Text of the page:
Author: Andy McDonald, Vice President Merchant Payments - Europe, ACI Worldwide
Alibaba reported USD $14.3bn in online sales on 11.11 (China Singles Day) in 2015, a 60% increase on the same day in 2014. In fact, 2014’s total of USD $9.3bn was eclipsed within the first 14 hours of trading, so Alibaba beat its previous personal best without so much as breaking a sweat.
The figures for 11.11 are mind-boggling, especially when you consider that the biggest ever day for online sales outside of China Singles Day was last year’s Cyber Monday in the US, which netted retailers slightly north of USD $2bn in sales.
Nearly 10% of the total sales on 11.11 were in the first eight minutes, equivalent to approximately 1% of the time. Although it is estimated that around 120,000 orders were placed every minute throughout the day, the significant spike in sales in the first minutes, and to a lesser extent the first hour, highlights how important it can be for merchants to have scalable and reliable payment processing infrastructure. Merchants rely on their payment providers to support them with infrastructure that can handle such peaks in traffic, and have the highest possible availability.
With platform availability measured in thousandths of a percentage point, resilience is a clear priority for infrastructure providers. These fractions are all important when you consider that if a system goes down – or even has reduced availability – during the opening salvo of a major eCommerce event, it could mean hundreds or thousands of lost transactions.
Now if China Singles Day went truly global – and it’s not unthinkable – it would certainly force many payment providers to look at their infrastructure, and carefully consider whether they have the scalability, redundancy and disaster recovery systems in place to meet the demands of their merchants.
This is up from 43% in 2014. Alibaba’s earnings in 2015 provided an indication of just how much mobile was growing, but the figure of 71% is nonetheless impressive. In Q2 2015 Alibaba reached a significant milestone, reporting that 51% of their revenue came from mobile devices, and this grew to 61% in Q3 2015. It will be interesting to see what share mobile accounts for in 2016, with less headroom for growth.
Alibaba’s Tmall and competitors such as JD.com have led the way in developing mobile platforms that deliver a superior shopper experience, but a “mobile first” strategy is becoming a must for all online retailers. Of course, China (along with other important Asian markets such as South Korea and Japan) are the pacesetters in this shift towards mobile, but the trend is clear globally too, with the 50% “tipping point” now surpassed or fast approaching in many markets.
Merchants – especially those operating cross-border – need to tailor their customer experience (including checkout design) accordingly, as well as having a mobile optimised strategy for things like fraud prevention. They also need to support an ever-growing range of mobile wallet solutions (and alternative payment methods), which have emerged alongside rising smartphone penetration.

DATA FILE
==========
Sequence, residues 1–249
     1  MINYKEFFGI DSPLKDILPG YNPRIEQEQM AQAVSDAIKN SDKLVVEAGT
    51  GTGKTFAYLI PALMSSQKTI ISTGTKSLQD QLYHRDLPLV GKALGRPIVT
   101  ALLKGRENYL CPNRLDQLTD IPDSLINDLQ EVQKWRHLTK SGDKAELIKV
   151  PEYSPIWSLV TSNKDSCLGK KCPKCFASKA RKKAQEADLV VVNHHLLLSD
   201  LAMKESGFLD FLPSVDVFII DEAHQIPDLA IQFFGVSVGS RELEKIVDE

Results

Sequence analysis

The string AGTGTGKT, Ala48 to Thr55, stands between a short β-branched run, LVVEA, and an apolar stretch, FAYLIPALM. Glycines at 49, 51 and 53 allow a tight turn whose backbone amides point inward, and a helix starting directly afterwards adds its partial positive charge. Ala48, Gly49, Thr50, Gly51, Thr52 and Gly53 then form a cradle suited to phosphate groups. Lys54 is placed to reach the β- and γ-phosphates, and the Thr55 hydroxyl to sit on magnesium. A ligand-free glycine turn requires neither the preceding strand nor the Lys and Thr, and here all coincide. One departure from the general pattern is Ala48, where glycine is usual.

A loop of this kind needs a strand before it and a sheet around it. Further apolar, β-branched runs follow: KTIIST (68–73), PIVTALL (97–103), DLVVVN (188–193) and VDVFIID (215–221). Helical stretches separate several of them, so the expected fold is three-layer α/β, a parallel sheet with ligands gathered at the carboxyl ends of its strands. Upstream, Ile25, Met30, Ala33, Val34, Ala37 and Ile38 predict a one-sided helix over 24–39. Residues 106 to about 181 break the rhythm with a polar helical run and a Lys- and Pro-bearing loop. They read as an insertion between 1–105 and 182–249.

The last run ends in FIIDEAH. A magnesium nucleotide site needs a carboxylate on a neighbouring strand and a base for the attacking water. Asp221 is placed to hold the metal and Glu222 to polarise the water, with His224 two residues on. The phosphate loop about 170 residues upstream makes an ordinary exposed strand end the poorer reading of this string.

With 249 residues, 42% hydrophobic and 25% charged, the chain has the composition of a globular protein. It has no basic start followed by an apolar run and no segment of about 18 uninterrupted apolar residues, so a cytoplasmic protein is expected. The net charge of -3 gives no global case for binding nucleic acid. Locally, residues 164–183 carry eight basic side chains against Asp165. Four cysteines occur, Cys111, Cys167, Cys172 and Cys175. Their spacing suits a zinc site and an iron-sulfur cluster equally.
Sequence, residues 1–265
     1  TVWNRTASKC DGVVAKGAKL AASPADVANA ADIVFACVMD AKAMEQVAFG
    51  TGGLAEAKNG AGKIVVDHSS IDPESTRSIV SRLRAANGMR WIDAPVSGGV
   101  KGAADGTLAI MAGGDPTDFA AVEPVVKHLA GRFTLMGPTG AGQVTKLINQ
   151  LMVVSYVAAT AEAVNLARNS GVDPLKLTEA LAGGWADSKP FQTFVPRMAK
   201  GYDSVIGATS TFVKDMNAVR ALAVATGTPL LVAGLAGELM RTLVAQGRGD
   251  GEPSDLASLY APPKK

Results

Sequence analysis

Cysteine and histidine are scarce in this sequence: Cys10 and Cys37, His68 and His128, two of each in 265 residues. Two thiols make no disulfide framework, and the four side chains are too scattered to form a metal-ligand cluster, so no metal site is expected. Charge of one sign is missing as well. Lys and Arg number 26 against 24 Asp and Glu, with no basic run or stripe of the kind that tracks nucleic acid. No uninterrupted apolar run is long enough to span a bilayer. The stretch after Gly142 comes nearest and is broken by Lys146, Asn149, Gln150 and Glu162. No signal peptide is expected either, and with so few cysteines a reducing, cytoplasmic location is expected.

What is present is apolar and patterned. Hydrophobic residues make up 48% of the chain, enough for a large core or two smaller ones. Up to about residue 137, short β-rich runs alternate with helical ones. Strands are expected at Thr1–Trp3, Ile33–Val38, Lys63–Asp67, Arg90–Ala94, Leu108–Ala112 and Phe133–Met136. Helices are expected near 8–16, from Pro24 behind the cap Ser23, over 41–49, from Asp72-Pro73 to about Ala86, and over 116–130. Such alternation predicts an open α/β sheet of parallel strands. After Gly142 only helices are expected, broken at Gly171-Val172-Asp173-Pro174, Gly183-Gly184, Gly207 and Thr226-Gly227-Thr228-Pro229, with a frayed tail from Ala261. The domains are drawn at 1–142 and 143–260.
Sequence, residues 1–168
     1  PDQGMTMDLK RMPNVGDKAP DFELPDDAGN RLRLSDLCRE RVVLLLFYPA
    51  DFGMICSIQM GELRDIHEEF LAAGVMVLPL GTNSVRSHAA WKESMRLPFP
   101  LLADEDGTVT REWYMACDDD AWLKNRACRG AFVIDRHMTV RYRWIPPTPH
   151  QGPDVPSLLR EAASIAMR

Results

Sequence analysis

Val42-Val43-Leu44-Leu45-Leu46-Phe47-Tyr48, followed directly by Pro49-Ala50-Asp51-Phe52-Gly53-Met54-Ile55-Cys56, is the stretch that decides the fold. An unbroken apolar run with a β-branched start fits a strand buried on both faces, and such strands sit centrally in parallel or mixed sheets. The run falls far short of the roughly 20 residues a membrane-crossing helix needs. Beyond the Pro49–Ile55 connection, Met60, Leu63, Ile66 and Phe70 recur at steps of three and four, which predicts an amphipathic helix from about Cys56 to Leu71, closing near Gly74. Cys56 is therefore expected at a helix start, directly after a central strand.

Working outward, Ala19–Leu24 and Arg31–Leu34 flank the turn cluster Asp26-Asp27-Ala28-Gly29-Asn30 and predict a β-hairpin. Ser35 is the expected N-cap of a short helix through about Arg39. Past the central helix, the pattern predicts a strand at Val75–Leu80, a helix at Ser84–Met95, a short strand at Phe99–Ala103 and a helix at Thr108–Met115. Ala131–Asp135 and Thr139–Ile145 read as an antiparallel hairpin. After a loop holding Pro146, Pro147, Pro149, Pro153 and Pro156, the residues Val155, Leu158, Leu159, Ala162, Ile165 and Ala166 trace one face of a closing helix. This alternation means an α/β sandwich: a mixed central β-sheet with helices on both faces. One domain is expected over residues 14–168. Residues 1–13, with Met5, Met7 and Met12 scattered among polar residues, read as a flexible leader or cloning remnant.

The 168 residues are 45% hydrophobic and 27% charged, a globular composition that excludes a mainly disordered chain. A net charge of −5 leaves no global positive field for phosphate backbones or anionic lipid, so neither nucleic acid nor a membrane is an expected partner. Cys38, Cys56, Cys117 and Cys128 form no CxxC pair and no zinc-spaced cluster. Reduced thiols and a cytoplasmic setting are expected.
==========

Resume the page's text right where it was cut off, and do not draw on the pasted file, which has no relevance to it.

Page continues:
It is no wonder that merchants are increasingly looking at cross-border eCommerce (in particular high growth markets such as China) as a prime opportunity to grow their business faster and secure new revenue streams. After all, all that growth represents new business for someone. However, the regulatory and compliance issues associated with selling in China make it virtually impossible to go it alone. The complexities of cross-border trade demand flexible partnerships, and the acknowledgment that local experts know their market best.
While the figures associated with 11.11 are likely to make many UK and US merchants envious of their Chinese counterparts, China Singles Day also has its critics. In fact, despite the 60% year-on-year growth, Alibaba’s shares took a 7% hit in the days following 11 November. Why the scepticism? Well, for starters the USD $14.3bn in sales was achieved through deep discounts, so merchants may have moved a lot of stock at the expense of healthy margins. Take into account that the rate of returns tends to be significantly higher (China Industry Research Network claimed up to 25% back in 2013) and merchants also have increased shipping and logistics costs to absorb. Plus, many have speculated that price-conscious consumers delay their purchases, so 11 November is partially a release of this pent-up demand.
With this in mind, perhaps merchants have a reason not to try and emulate and embrace the China Singles Day model. A trend in recent years on both sides of the Atlantic has been a ‘soft start’ to the holiday shopping season to spread out spending, so retailers avoid the peaks, but also the troughs.
The sheer scale of China Singles Day is impressive, and as mentioned it highlights some interesting trends in payments and online commerce, but maybe the future of sustainable retail is not these date-specific events. The consumer ability to shop for anything, any time, from any device will win out.